For Against Me! frontman Tom Gabel, sometimes you have to get the hell, out just to find your way back in. The past 12 years have seen Gabel rise from acoustic folk-punk gunslinger in the dives of Gainesville, Florida to releasing Against Me!'s four searing, blood-smeared slices of scrappy punk. The last of which, 2007's New Wave, was the major label debut, one that Spin magazine anointed as their Album Of The Year. And while Gainesville was home, Gabel felt the walls closing in when touring for New Wave came to an end. So he split. With his wife, he left behind the "didja-hear-about-so-and-so" insular Gainesville world for the sleepy beach town of St. Augustine, wandering the streets and driving dusty back roads: searching, pining, hoping for inspiration.
He found it in spades. The result is White Crosses, as powerful and as bold a rock record as one can imagine. The band - Gabel, guitarist James Bowman, bassist Andrew Seward and new drummer George Rebelo - roar like fighter jets screaming over a stadium on the anthemic title-track (with its shout along line about smashing the 4,000 crosses on a local church's lawn, ones that signify the number of babies aborted each day in the U.S.). Joining that is the escapist fury of "Spanish Moss," and the short stick of dynamite, "Rapid Decompression." New Wave eschewed some of the roughness of the band's earlier efforts, but White Crosses goes even further in filling out the band's wallop. With its twinkling piano and a glorious whoa-oa chorus, "Because Of The Shame" could be an outtake from Bruce Springsteen's classic Born To Run. "Ache With Me" is a slow-jam that would make Paul Westerberg blush, while "High Pressure Low" is Billy Idol meets fellow Gainesville native Tom Petty. "This is my Florida record," says Gabel. ""I spent a lot of time writing this record while driving directionless on forgotten Florida state roads, highly caffeinated, with albums like [Petty's] Full Moon Fever blasting on my stereo."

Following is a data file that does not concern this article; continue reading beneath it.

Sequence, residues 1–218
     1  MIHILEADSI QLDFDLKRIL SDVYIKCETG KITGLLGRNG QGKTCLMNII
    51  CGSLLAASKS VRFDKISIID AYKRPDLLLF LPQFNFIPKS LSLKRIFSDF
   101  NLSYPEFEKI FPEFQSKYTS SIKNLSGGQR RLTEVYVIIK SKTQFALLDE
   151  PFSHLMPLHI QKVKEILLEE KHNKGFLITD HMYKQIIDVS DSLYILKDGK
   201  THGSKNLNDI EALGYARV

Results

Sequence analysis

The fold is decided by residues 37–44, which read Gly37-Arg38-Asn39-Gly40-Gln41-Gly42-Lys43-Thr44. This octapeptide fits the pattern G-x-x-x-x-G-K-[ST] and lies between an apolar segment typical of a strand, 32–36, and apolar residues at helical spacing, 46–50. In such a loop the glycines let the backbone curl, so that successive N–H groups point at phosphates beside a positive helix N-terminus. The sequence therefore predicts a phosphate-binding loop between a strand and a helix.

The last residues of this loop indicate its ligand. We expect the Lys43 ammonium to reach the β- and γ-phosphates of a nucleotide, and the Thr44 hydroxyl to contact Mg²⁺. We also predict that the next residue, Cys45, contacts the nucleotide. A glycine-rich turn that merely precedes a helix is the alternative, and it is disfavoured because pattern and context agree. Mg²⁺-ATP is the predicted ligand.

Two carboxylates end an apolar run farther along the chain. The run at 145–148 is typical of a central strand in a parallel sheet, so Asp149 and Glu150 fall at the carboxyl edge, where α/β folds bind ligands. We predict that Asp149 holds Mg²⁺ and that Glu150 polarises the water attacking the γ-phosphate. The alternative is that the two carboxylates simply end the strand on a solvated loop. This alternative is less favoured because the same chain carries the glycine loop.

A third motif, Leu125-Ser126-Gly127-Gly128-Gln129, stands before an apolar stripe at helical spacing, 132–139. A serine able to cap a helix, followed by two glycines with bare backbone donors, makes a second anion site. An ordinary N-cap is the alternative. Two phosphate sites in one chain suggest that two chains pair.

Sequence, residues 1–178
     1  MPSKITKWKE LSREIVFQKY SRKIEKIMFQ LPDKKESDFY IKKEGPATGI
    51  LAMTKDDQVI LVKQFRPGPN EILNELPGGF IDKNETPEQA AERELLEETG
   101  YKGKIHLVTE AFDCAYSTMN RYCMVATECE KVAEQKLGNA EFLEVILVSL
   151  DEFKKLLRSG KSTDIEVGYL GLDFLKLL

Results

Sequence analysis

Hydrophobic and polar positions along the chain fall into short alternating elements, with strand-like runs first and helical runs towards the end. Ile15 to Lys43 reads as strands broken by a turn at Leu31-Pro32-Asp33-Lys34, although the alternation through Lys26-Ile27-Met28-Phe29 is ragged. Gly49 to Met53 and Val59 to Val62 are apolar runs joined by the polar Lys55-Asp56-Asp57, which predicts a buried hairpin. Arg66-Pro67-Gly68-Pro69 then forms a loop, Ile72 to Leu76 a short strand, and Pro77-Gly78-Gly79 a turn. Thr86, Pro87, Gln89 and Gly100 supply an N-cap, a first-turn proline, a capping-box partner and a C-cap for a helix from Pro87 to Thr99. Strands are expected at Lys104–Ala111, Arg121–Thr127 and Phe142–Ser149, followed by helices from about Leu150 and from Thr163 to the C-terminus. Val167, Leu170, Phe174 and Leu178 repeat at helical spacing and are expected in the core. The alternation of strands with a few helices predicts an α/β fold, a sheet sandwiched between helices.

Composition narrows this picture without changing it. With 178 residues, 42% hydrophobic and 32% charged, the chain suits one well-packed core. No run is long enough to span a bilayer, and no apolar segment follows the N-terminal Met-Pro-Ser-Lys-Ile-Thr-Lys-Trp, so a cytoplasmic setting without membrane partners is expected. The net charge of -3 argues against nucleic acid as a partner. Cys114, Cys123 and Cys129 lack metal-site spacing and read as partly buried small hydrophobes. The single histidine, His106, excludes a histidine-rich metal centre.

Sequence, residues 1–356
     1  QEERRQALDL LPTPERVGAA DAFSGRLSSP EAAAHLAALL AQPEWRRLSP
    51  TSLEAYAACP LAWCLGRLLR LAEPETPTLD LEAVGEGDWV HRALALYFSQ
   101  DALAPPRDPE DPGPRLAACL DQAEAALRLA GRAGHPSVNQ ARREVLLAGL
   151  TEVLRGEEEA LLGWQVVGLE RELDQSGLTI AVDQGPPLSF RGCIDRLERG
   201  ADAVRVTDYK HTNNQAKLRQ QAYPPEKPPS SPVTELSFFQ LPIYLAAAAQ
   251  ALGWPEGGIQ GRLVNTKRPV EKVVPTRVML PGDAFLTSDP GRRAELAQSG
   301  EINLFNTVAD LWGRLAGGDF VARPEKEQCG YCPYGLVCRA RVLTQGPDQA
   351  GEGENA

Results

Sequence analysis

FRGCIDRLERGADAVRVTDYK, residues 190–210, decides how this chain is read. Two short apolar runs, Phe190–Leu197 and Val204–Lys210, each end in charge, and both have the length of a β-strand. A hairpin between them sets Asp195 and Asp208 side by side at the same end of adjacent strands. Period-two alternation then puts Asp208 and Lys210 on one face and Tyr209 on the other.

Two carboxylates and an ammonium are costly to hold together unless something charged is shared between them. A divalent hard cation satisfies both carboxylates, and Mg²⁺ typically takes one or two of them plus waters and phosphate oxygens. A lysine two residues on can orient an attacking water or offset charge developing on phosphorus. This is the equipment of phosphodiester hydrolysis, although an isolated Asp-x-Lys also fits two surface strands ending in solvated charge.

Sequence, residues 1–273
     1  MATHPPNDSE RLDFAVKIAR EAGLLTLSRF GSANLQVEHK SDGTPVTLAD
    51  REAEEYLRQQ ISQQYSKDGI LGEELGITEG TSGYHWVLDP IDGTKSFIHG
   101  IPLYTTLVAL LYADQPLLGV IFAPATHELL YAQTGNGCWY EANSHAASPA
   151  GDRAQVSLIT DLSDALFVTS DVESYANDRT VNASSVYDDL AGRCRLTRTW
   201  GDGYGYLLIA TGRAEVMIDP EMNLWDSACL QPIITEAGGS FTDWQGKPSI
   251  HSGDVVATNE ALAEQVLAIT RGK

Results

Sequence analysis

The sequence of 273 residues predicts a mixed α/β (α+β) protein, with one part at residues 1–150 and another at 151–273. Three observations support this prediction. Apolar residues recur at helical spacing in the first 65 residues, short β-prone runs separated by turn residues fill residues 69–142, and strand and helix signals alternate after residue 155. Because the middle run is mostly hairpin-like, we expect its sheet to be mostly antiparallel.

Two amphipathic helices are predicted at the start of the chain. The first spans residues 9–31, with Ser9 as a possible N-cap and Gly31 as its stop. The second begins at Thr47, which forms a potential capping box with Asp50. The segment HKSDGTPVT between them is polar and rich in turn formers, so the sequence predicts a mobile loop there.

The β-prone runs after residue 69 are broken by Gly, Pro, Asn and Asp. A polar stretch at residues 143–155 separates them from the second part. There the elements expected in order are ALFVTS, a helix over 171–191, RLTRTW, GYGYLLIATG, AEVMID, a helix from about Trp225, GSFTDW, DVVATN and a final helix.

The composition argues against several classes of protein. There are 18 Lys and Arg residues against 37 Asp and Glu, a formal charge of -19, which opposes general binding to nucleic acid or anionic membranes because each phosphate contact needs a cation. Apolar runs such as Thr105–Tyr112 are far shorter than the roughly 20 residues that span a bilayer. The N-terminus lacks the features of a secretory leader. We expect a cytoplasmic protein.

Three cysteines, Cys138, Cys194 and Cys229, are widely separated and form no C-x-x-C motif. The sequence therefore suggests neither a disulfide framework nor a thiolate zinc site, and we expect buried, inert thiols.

Producer Butch Vig - who also helmed New Wave - pushed the band to make White Crosses more dynamic while retaining the bruising roundhouse rights they've thrown since their 2001 debut Reinventing Axl Rose. "Looking at it now I think [Vig] was a little conservative with New Wave. He didn't want to come in and scare us, says Gabel. "I think it was an unspoken agreement this time around that we were going to push ourselves farther than we ever had before. No direction was off limits. I'm not afraid of melody. I have visions of playing these songs in stadiums, looking out and seeing an ocean of people singing along."